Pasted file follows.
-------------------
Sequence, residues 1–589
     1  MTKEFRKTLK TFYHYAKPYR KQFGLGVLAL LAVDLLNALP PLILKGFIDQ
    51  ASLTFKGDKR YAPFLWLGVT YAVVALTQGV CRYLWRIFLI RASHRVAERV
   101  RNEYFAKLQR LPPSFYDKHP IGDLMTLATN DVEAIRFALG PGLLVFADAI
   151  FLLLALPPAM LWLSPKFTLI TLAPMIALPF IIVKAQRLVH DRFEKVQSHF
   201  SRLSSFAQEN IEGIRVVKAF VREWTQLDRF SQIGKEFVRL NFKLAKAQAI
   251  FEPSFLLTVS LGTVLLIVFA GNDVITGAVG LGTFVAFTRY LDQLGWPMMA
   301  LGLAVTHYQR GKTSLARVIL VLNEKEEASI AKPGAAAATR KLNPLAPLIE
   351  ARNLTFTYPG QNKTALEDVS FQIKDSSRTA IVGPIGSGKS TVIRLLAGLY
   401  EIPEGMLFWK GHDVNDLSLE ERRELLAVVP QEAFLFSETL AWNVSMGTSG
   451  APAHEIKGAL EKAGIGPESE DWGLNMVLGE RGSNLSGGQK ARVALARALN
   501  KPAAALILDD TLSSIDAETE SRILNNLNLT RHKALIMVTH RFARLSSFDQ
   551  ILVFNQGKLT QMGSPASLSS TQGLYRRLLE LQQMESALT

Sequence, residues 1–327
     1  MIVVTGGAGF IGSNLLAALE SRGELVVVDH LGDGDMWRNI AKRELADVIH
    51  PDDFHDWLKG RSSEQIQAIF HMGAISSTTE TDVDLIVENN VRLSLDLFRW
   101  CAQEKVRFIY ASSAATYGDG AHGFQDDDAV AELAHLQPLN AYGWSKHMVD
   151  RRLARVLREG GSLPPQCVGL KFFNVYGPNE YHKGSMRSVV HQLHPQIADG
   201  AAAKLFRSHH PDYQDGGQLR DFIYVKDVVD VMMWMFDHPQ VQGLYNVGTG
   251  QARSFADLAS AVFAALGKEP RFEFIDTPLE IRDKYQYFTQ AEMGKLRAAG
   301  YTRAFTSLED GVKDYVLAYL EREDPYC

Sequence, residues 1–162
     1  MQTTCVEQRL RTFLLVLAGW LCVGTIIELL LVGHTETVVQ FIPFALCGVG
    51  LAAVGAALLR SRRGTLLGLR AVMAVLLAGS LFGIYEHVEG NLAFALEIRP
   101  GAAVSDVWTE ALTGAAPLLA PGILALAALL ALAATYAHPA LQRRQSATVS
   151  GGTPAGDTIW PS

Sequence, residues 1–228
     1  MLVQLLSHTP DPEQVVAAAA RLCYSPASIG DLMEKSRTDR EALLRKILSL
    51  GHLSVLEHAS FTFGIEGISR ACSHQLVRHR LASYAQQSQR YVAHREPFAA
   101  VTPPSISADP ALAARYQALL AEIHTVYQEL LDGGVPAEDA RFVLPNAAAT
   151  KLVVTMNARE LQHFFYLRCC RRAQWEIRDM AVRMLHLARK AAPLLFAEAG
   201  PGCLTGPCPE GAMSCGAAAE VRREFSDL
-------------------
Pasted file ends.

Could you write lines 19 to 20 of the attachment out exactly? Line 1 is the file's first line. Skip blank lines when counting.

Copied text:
   201  AAAKLFRSHH PDYQDGGQLR DFIYVKDVVD VMMWMFDHPQ VQGLYNVGTG
   251  QARSFADLAS AVFAALGKEP RFEFIDTPLE IRDKYQYFTQ AEMGKLRAAG